CHAMBERSBURG, Pa. (WHTM) – The Coyle Free Library has been a part of the Chambersburg community for 125 years. It boasts being a library of the 21st century, and now it’s part of policing in the 21st century.
“Just sort of come in and walk around and see how things are going,” library director Denice Bigham said. “Talk to staff. Talk to the patrons who are hanging out here and just start to get to know people.”
Community policing is becoming a new and necessary aspect of police work.
“It’s basically just to give them an opportunity to reach out to us in a different way than calling the police or calling 911,” Chambersburg police Patrolman Richard Sleichter said.
Community policing is an opportunity for people to ask questions.
“We’re giving them the opportunity to come to us and talk to us about anything,” Sleichter said.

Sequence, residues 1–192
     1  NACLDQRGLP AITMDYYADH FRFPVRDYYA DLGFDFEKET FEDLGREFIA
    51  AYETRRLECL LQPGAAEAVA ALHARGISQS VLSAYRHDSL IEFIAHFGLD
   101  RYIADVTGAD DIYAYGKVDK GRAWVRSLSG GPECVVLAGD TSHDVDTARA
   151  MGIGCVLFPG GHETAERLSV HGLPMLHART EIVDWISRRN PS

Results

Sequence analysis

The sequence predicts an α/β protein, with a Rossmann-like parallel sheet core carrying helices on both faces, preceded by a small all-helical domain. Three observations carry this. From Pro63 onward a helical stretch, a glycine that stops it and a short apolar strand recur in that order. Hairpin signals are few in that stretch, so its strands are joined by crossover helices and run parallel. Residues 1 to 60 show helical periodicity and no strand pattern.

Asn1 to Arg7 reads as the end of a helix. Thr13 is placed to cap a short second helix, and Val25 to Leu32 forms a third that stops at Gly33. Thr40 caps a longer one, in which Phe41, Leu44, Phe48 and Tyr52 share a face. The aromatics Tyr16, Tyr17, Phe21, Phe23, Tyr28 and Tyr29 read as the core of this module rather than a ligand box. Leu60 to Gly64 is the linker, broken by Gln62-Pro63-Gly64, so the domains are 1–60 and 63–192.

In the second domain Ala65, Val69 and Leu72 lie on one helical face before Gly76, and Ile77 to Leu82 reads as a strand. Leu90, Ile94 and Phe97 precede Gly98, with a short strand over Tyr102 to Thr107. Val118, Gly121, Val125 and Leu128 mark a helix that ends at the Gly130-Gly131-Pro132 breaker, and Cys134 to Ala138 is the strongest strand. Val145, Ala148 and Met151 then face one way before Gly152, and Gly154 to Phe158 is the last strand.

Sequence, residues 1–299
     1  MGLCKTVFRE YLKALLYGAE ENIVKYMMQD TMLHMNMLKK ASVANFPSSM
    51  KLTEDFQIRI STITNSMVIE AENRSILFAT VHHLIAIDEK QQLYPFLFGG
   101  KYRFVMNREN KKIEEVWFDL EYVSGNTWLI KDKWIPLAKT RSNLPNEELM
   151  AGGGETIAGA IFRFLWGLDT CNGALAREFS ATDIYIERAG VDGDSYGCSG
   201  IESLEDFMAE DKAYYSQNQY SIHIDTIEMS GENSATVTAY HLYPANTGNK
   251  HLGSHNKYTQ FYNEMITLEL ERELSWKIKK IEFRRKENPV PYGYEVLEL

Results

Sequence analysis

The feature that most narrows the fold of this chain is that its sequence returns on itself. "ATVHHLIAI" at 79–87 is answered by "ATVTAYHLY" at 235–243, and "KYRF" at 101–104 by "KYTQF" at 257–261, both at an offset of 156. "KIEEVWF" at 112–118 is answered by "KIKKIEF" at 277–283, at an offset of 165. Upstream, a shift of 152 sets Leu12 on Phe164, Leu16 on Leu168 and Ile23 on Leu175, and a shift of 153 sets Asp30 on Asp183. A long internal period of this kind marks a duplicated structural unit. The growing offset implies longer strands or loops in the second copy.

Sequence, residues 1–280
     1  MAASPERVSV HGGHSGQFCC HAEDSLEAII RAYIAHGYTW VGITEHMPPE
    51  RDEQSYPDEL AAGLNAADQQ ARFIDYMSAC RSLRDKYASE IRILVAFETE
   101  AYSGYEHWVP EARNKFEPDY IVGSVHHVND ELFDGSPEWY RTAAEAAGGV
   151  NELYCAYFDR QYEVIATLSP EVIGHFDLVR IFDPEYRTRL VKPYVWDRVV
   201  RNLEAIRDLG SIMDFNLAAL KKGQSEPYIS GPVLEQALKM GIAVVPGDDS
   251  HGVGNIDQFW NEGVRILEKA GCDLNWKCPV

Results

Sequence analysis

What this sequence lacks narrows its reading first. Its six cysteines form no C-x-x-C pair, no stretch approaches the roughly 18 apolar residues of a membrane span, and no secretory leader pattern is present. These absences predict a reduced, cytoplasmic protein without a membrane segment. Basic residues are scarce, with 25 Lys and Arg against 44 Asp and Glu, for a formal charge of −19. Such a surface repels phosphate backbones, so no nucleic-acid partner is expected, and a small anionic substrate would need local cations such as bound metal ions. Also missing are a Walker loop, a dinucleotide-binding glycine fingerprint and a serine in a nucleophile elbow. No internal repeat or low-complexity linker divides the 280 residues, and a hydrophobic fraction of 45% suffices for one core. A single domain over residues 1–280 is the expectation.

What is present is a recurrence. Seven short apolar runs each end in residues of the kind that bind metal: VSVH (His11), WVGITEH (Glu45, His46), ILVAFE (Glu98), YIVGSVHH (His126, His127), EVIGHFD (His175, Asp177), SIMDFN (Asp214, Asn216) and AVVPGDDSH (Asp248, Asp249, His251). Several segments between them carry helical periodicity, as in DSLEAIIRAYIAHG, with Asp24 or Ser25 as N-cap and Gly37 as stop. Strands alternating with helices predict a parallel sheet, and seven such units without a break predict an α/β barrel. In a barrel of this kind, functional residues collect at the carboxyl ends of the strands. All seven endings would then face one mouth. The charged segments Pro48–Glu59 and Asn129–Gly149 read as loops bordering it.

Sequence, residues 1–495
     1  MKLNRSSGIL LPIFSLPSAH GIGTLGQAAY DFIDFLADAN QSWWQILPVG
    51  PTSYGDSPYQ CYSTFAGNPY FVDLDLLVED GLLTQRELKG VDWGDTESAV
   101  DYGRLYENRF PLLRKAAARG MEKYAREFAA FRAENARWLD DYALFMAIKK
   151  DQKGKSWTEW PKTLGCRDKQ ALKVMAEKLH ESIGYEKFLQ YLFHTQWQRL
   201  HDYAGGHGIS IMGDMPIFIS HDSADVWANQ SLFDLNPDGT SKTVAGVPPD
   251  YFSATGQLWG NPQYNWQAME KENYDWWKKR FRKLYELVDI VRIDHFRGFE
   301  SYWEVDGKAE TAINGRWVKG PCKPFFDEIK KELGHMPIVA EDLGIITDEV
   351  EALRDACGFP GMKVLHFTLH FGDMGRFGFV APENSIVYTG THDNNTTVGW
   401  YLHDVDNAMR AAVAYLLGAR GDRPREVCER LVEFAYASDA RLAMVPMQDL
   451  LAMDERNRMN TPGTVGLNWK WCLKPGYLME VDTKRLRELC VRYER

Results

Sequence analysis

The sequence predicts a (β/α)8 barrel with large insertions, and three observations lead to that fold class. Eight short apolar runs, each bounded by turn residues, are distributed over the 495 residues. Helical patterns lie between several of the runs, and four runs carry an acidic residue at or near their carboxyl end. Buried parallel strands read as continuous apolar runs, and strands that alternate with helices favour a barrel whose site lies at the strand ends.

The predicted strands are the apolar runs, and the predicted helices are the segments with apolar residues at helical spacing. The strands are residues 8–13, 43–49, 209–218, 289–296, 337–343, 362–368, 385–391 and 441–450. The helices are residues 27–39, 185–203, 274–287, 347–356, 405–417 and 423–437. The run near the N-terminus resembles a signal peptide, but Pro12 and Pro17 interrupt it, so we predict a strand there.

It’s also an opportunity to see officers as people.
“A lot of people look at us as just hammers; we’re just out to arrest you for anything, we’re looking for you all the time,” Sleichter said. “We’re just people, just like everybody else.”
Community policing is an opportunity to see officers as the good guys.
Recent events like the death of Freddie Gray in Baltimore police custody have put officers as a whole in a negative light. Chambersburg police are trying to change the story, starting at the library.
“I think this is a way for us to reach out and show people that just because you have a bad incident, don’t label us all as bad,” Sleichter said. “Realize we’re here to protect you and to serve you and come to us if you need us.”